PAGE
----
Boudicca, Queen of the Iceni, used the hare before going into battle when she released one as a good omen, and to divine the outcome by studying the hare's movements. She also took a hare into battle with her to guarantee victory.

Another Celtic warrior, Oisin, hunted a hare wounding it in the leg and thus compelling it to seek shelter in some bushes. When Oisin tracked it he came across a door leading into the ground. Entering into where it led he found a beautiful young woman seated on a throne and bleeding from a leg wound. Thus, in this legend, the Celtic belief in the transmigration of the soul is seen.

In mediaeval times it was said that hares resembled a coven of dancing witches. They believed that the witches were able to change into hares, and hares were held to be animals of ill omen. The people of those days also thought that the witches shape-shifted into hares in order to suck all the milk from cows. Once shape-shifted it was said that the witch could only be killed by a silver crucifix, but quite how this was done isn't clear.

Even in more modern times myths about hares persisted, one of which said that it was unlucky if a hare crossed your path. Another was that if that happened to a pregnant woman they would either have a miscarriage or their child would be born with a hare-lip. From this arose the idea that carrying a hare's foot charm, especially that of the left rear leg, would avert the outcome; and, naturally, losing the charm would be extremely unfortunate.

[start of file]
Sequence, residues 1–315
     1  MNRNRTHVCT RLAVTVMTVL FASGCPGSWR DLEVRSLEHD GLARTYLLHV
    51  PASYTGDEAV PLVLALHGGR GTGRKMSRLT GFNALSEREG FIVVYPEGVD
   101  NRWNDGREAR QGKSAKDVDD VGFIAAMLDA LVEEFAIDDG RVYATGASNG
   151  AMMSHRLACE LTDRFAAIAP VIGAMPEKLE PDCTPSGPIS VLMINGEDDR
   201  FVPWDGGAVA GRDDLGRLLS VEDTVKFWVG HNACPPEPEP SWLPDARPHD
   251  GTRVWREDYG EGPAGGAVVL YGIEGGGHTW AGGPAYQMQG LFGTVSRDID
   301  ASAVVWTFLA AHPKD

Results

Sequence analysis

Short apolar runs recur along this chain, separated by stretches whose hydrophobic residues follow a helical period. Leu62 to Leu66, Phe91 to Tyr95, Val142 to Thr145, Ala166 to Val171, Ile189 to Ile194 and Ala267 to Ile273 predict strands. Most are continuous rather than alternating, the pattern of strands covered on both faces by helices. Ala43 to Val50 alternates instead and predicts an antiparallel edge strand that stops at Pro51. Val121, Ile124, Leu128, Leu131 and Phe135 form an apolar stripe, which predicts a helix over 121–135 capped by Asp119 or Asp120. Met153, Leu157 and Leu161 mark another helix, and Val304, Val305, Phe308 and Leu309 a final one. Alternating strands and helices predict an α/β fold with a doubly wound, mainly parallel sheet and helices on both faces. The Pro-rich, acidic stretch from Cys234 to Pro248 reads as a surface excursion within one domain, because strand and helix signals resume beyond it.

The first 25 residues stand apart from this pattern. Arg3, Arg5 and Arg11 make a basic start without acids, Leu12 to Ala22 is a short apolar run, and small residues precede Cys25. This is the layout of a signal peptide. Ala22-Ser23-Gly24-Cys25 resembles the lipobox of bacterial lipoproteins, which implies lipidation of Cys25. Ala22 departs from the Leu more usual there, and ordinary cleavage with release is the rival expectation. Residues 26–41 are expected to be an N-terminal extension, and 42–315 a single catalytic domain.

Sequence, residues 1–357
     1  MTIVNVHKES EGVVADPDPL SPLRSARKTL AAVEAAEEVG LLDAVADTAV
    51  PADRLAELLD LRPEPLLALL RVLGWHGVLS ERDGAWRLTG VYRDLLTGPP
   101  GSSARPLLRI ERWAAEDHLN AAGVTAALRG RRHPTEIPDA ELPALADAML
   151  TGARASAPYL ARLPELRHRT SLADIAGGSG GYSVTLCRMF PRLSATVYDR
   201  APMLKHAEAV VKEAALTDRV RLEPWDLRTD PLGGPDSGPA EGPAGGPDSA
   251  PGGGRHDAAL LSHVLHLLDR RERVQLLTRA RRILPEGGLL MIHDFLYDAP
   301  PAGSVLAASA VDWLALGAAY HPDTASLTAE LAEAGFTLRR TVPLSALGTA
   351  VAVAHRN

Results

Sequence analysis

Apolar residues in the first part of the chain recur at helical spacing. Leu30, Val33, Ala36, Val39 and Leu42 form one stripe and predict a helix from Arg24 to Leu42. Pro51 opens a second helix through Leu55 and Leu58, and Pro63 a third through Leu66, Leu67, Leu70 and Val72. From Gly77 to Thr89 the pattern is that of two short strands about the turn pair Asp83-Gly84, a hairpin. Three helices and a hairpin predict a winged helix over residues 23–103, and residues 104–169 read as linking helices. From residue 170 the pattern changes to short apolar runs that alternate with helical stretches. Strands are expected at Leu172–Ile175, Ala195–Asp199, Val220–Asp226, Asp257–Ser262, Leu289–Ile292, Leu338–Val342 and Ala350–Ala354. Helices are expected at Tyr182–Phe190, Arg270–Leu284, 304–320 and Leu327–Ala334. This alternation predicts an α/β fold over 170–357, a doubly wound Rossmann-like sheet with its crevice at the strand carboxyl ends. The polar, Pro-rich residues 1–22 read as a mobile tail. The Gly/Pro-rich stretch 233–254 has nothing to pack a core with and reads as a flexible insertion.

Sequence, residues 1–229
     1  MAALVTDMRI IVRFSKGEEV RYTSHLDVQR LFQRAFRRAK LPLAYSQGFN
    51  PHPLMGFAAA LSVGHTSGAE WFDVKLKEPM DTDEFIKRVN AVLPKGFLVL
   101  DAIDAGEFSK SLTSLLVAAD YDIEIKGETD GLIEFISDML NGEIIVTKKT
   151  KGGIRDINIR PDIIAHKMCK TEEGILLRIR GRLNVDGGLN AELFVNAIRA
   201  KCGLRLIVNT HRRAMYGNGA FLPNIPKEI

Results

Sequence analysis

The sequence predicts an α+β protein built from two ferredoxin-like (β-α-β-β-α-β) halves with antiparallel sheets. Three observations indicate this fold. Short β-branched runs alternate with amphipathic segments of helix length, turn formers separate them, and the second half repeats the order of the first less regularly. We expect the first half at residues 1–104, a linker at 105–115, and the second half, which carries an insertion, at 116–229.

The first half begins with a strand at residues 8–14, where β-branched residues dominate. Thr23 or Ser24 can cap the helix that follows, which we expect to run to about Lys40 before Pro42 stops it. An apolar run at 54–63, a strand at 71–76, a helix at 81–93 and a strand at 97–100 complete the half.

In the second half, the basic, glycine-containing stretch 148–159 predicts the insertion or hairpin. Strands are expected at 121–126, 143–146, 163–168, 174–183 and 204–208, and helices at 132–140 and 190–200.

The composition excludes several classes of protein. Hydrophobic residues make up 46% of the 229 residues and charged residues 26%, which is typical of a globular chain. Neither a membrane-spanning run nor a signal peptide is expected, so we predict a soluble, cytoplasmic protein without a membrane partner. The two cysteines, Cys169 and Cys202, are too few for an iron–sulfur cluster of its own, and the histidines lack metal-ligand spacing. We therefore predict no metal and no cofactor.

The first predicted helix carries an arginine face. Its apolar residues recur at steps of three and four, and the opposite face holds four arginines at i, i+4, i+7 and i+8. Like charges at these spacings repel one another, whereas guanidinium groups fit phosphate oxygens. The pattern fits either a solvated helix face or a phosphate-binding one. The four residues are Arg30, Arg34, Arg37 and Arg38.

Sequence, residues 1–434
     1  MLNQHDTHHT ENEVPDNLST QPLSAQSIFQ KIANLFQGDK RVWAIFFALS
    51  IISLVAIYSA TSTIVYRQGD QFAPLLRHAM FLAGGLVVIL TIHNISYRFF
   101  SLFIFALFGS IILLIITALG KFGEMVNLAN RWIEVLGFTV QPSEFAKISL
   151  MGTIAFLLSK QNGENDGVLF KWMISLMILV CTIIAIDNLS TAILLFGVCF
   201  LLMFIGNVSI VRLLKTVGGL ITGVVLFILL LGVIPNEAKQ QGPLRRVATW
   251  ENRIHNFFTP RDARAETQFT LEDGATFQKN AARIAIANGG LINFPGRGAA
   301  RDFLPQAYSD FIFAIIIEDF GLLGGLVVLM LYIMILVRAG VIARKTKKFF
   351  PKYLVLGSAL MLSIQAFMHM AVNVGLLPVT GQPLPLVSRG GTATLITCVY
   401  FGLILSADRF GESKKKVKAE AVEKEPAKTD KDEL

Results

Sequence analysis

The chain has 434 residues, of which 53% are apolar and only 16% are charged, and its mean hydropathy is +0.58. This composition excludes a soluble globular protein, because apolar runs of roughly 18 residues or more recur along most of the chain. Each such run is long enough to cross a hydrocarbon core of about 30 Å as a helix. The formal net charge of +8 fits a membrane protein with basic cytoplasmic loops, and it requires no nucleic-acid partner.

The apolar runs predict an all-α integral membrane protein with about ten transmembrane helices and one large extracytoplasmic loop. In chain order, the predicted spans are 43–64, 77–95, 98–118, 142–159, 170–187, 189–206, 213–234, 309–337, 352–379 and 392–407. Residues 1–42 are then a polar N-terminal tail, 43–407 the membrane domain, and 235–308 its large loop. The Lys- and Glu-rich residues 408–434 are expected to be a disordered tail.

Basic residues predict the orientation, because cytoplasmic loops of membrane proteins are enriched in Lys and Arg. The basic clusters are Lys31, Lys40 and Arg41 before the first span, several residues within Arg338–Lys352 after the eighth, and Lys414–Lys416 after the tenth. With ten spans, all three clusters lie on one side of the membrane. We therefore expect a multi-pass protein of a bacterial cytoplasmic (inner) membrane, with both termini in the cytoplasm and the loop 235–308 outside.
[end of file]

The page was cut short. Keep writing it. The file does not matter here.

In the acting profession a hare's foot was thought to help the actors perform and was carried as a good luck charm.

The brain from the hare, taken in wine just before going to bed would stop one from oversleeping.

A hare's foot was supposed to forestall rheumatism and cramps.

The genitals from the hare were used in aphrodisiac potions.

Finally, in the county of Cambridgeshire to see a hare running through the streets was a signal that a fire is about to occur.

The above are only a few of the beliefs that were held in the UK about the hare. But, having said they were beliefs that 'were' held I suspect that in some places many of them are probably still held to this day.

On a personal note I'll end by just mentioning that when I was a child my mother wouldn't have jugged hare in the house. She believed that to do so was courting disaster!